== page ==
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NEWSPAPER PRESSES -- Creating Commercial Niches

June 2002
BY CAROLINE MILLER


Faced with dropping readership, falling advertising revenues and more media outlets, newspaper publishers are looking now more than ever to their in-house production facilities to help them meet the challenges of a volatile business environment.

Increasingly, newspapers with printing capabilities are interested in the ability to bring in commercial work to help boost their profits, contends Craig Simon, director of web sales administration for MAN Roland.

MAN Roland manufactures the four-page Cromoman, the Uniset, the Geoman and its flagship, 16-page newspaper web press—the Colorman—which was shown at IPEX in a 24-page version. Its top speed ranges to 86,000 copies per hour.

"Newspapers are creating a commercial niche and an additional revenue stream for themselves with the production of flyers for discount stores, supermarkets and the like. So the more color and the higher print quality we can give them, the better they like it," reveals Simon.

John Collins, a spokesperson for Goss International, has seen this trend at every level in the market. Goss offers the single-width SSC Community and the single-width Universal series, which comes in both a one-around version and the two-around Universal 70. These presses, he says, combine the practicality of a single-width press with the productivity and automation of today's double-width presses. Goss' double-width portfolio includes the Colorliner press series and the Uniliner press series.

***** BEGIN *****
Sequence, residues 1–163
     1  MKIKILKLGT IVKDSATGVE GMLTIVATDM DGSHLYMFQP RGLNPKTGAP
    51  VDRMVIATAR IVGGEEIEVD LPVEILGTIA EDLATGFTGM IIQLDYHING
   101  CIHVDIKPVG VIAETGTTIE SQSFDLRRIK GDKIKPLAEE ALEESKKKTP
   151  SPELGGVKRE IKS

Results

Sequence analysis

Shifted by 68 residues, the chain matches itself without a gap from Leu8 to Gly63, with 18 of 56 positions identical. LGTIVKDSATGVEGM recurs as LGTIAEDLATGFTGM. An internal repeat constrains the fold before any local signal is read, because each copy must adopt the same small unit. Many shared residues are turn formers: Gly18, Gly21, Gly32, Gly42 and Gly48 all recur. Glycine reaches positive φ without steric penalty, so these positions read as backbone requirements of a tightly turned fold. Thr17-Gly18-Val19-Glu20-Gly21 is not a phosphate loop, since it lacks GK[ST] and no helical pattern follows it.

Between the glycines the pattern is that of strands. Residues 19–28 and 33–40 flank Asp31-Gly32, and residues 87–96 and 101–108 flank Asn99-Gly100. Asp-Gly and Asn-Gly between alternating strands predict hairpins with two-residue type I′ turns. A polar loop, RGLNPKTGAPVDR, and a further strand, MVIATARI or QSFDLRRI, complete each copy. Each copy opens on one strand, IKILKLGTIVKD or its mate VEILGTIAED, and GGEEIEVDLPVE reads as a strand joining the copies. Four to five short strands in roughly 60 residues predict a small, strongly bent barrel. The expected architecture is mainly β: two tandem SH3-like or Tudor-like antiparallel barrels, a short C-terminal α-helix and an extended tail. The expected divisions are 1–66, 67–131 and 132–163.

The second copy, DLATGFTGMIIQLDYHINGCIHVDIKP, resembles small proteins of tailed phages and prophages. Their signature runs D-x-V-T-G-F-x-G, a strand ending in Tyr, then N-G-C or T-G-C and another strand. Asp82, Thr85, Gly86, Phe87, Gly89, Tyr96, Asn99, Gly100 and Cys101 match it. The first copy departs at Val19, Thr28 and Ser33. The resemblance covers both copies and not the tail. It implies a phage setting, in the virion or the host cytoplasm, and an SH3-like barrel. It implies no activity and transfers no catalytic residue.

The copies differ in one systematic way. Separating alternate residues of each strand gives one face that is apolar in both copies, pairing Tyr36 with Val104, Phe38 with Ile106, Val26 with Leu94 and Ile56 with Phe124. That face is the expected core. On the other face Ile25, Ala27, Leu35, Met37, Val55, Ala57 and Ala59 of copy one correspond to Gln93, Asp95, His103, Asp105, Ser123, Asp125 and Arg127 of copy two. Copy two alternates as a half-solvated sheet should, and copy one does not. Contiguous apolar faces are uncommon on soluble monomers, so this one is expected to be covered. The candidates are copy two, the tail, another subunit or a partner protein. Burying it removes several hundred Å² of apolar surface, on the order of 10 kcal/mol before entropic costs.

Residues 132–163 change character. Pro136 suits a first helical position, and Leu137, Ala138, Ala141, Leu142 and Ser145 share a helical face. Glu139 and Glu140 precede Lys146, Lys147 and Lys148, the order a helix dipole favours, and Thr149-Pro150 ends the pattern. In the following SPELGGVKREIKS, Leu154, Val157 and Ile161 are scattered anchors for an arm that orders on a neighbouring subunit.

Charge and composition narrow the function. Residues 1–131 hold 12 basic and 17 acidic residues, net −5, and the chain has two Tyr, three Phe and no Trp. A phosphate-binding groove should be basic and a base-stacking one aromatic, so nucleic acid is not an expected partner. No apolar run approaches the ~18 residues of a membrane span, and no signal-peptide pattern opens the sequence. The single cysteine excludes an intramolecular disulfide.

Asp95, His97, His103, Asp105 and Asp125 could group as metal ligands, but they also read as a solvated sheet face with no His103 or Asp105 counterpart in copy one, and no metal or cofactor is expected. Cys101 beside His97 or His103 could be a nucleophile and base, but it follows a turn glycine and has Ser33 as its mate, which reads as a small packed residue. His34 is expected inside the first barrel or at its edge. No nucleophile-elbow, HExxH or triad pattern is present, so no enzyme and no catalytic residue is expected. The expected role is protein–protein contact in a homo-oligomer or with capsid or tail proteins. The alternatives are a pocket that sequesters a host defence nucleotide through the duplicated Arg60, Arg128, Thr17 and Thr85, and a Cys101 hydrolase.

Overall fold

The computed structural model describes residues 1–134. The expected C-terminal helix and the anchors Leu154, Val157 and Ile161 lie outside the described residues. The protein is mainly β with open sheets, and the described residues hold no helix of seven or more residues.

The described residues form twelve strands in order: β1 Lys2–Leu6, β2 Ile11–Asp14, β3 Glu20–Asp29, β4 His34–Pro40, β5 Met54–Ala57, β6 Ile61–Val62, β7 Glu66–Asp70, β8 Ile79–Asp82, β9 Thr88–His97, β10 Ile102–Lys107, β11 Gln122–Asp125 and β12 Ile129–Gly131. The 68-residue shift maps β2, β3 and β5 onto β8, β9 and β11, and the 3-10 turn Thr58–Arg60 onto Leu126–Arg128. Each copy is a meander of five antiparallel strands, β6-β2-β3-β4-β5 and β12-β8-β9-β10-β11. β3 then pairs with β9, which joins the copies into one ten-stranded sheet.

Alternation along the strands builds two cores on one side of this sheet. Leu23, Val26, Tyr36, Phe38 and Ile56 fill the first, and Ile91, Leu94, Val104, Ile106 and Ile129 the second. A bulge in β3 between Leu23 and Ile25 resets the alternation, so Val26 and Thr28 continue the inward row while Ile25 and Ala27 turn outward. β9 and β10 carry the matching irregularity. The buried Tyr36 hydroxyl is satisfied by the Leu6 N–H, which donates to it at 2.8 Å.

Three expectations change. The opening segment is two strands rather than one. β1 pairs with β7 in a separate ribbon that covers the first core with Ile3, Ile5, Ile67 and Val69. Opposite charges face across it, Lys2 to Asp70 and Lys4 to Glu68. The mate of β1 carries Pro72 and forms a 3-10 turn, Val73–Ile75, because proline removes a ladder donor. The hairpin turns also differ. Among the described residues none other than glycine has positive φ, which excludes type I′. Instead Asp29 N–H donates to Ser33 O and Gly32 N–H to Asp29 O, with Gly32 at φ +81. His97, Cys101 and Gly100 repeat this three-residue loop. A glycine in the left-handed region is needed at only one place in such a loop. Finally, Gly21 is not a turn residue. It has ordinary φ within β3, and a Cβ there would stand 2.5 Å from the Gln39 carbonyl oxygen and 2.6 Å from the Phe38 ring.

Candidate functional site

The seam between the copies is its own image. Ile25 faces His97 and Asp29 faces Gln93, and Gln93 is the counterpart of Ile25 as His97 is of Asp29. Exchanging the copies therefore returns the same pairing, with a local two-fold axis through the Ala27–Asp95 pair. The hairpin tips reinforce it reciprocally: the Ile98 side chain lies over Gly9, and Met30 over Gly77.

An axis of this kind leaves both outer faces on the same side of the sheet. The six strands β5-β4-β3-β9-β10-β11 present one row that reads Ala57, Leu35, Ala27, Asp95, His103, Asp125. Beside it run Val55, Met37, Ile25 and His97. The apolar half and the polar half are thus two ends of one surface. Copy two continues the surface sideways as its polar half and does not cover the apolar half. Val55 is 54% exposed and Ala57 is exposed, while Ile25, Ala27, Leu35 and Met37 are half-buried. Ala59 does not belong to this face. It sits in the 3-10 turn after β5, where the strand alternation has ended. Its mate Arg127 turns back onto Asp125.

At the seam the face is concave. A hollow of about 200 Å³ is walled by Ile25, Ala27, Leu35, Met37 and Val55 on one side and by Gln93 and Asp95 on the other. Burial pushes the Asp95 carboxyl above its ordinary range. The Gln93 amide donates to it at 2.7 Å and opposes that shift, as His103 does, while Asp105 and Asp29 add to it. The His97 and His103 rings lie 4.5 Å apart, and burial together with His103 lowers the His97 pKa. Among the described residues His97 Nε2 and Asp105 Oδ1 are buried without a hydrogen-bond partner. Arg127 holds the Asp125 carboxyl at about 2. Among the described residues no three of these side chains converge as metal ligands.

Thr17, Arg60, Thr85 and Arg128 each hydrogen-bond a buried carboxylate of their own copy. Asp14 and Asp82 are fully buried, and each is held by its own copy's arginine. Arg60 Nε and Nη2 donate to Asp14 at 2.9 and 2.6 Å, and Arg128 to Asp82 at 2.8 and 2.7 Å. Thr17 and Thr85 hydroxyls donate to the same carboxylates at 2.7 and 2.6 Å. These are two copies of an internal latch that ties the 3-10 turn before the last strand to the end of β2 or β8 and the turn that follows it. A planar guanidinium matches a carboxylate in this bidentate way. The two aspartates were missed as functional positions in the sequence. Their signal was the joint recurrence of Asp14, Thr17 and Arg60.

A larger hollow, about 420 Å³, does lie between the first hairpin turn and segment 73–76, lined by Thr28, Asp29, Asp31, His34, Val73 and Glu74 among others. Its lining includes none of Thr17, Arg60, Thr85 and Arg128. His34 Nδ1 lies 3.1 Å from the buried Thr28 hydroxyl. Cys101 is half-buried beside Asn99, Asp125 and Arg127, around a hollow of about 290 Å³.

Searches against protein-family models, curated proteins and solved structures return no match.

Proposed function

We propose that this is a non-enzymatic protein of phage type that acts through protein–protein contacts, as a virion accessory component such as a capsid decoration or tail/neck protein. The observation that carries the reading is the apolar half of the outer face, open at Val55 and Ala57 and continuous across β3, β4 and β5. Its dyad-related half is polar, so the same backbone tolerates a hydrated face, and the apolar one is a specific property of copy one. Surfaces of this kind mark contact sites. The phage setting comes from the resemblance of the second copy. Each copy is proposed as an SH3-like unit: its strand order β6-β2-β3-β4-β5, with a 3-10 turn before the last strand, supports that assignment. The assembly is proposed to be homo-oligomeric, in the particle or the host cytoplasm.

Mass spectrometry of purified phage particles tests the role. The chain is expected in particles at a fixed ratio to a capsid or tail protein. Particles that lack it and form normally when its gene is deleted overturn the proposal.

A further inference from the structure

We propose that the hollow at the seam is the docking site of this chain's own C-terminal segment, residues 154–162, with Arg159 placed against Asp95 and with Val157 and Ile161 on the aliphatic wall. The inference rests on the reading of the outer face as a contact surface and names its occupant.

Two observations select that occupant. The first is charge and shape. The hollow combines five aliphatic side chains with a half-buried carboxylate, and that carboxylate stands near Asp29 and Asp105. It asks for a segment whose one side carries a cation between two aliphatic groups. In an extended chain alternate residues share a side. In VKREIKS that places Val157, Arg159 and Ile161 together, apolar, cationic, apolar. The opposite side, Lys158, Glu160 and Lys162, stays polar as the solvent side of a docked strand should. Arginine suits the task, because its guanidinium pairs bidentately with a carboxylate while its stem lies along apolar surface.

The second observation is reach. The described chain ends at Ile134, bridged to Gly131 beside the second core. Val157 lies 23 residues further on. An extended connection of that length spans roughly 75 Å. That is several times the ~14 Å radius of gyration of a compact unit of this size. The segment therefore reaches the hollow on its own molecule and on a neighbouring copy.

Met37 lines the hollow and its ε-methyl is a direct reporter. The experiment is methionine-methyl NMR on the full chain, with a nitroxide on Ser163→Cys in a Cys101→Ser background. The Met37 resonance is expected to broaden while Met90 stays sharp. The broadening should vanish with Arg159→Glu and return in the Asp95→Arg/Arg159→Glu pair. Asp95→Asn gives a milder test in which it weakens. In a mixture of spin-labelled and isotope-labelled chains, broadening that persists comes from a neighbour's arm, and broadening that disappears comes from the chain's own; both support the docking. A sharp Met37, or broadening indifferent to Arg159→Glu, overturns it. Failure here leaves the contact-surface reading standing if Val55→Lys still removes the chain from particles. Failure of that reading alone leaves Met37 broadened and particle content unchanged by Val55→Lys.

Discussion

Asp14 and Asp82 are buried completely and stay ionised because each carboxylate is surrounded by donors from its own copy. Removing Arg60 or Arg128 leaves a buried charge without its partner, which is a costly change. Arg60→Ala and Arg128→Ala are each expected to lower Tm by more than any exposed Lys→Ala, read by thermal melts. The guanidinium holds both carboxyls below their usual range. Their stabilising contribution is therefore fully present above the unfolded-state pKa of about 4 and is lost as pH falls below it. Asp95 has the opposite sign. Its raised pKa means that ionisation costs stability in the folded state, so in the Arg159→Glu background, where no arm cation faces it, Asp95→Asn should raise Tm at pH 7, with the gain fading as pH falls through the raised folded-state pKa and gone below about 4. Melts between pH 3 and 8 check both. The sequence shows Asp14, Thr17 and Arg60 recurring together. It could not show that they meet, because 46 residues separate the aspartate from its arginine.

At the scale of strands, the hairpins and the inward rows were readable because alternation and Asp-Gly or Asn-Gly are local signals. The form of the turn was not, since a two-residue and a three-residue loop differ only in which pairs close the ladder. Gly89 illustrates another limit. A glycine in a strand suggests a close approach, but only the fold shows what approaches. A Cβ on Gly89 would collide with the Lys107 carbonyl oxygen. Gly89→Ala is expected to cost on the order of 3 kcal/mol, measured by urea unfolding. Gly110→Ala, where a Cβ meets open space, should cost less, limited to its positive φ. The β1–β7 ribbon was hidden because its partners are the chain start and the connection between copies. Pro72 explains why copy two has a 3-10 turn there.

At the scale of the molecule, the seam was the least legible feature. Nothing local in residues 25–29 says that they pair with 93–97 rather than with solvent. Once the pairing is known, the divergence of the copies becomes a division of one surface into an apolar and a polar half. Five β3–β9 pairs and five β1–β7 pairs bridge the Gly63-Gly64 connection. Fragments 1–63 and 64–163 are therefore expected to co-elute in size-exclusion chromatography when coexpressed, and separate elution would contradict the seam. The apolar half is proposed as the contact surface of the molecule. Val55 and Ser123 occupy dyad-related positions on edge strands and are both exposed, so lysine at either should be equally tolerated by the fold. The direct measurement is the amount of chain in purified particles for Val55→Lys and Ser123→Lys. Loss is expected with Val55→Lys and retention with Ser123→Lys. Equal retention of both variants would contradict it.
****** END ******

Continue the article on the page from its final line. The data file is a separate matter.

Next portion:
"We've seen a growing desire for newspaper presses that incorporate several of the features of commercial presses. Many of our customers want to be able to take in some outside commercial work to keep press utilization high," he adds.

Commercial Features

These trends have led to commercial-type features on a newspaper press, such as heatset capabilities, more flexibility in web widths, more accurate jaw folders and better inking systems. There has also been a focus on features that improve net throughput and reduce downtime, such as presettable presses and better web tension control.

Even customers who print nothing but their own newspapers are finding they need to become more like a commercial operation. The number of zoned editions has increased greatly, meaning there's a greater emphasis on job turnaround and makeready.

"Readers and advertisers want content that relates to them more personally or is at least more neighborhood-oriented, claims Simon "So the issue of zoning—producing different editions for different zones in a marketplace—is huge. We've perfected a technique called On-the-Fly Changeover, which lets the pressman shut down one printing unit while simultaneously engaging another. The result: a different version of a section of the paper can be produced without ever stopping the press."
 

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